Garage Apron Failure

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Garage Apron Failure

Most garages have a section of asphalt or concrete that extends 2-4 feet outside of your garage door. This is called a garage apron. It acts as a transition between your garage and your driveway and helps to direct water away from your home. This area is very susceptible to failing or damage if it has not been constructed correctly or does not seal properly between the transition of the apron to garage or apron to driveway. Have you noticed cracks, gaps, erosion, sink holes, or heaving around this area? If so, you may want to consider repair options before the issue progresses any further.

Why should I replace or repair?   

If moisture is getting under your garage apron, the integrity of your garage’s foundation is at risk. If water is not deterred from this area, the severity of the visible issues will progress. The issues you cannot see, such as degradation to your foundation, will also advance.
These common garage apron defects are typically due to settlement (ground movement). Settlement can occur for many reasons: inconsistent soil compaction, the wrong soil selection, tree root invasion, or water erosion. When you live in areas with drastic temperature changes, such as Minnesota, these problems become more prominent because of the frost heave cycle. If you are planning to sell your home and you have any of these conditions present, it is likely they will be addressed in an inspection report.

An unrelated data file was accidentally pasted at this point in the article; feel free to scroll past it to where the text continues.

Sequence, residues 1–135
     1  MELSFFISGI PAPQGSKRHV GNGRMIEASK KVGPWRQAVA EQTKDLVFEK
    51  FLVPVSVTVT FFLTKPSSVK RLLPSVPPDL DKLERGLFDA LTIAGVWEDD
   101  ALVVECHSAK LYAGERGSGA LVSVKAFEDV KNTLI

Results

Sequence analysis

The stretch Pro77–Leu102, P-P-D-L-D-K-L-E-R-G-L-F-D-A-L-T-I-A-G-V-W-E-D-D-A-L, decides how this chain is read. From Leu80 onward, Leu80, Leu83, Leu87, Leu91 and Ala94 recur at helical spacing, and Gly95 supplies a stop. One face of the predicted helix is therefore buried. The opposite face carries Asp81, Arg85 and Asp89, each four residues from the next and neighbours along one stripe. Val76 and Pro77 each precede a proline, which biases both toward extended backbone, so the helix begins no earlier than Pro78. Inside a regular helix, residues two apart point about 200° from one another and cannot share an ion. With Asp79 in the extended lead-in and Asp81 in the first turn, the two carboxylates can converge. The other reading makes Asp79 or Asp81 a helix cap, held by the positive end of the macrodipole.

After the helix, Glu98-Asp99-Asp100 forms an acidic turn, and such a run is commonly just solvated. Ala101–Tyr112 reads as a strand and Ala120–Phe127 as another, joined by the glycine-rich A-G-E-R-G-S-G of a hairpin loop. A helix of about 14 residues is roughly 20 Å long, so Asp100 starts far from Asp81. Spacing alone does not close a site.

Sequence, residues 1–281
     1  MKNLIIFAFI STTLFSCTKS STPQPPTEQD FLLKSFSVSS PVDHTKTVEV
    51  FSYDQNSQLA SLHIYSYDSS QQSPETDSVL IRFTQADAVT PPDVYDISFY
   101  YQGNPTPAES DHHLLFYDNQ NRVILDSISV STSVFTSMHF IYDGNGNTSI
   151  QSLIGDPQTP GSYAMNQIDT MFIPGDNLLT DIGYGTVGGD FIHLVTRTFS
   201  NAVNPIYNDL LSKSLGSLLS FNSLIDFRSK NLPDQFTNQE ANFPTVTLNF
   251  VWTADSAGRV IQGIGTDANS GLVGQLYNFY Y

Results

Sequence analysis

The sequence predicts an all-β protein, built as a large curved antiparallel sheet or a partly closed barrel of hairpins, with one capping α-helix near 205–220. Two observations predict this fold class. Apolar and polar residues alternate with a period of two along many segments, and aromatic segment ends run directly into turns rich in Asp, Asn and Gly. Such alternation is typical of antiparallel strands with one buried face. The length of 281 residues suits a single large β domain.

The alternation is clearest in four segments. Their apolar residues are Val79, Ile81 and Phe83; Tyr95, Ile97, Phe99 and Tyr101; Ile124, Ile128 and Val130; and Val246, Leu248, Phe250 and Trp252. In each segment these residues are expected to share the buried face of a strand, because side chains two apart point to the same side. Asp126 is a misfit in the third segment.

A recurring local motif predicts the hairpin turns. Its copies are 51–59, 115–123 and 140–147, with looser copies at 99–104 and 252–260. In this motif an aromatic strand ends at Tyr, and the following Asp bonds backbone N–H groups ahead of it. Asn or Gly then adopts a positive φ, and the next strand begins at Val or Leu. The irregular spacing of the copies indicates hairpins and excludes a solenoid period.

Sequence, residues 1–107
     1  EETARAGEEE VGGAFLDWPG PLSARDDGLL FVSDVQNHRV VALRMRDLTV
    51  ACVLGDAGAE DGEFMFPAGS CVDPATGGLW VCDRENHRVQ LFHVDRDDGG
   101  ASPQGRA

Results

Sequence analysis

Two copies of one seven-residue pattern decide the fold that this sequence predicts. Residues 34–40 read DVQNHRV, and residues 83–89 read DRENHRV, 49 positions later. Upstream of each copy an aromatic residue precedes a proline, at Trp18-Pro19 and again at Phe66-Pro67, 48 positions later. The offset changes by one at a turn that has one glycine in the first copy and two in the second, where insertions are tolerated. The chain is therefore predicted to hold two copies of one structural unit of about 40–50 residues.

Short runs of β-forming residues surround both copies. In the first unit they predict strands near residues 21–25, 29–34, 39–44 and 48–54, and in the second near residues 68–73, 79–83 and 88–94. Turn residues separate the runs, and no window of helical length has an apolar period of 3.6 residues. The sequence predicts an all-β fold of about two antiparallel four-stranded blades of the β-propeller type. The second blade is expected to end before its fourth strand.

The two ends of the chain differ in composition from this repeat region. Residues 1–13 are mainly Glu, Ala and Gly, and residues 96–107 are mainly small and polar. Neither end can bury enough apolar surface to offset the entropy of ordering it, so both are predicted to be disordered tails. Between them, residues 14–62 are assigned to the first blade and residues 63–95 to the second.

Failures in driveway and garage
The picture above depicts a transition between a garage floor and driveway that has failed. Water has been able to enter this transition and settlement has occurred causing a significant hole. This can lead to additional failures in the driveway and garage if this defect is not addressed.

What to do?
Depending upon the type of issue and progression, different solutions are available. It could be that the soil compaction was not consistent. In this case, the soil would need to be dug up and replaced. If sink holes are present, the entire apron may need to be removed, foundation filled, and base material raised. To determine the severity of your problem and a lasting and cost effective solution, call CBS today.

(612 ) 868-2922

Kickout Flashing…It’s Important!

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Did you know that one small piece of metal could be the difference between a healthy home and a home with serious moisture intrusion problems?

This piece of metal is called KICKOUT FLASHING.

 

Kick out flashing can be found on roof to siding junctions where the wall extends out past the roof line. Rain is meant to run alongside of the wall and move into a gutter. However, it needs to be directed into a gutter by means of kickout flashing. Without this small detail, the water can migrate behind the siding and end up seeping into the wall. Remember, water seeks the path of least resistance. Leaks and serious damage occur this way.

Below is a picture of kick out flashing properly doing its job.

kick out Flashing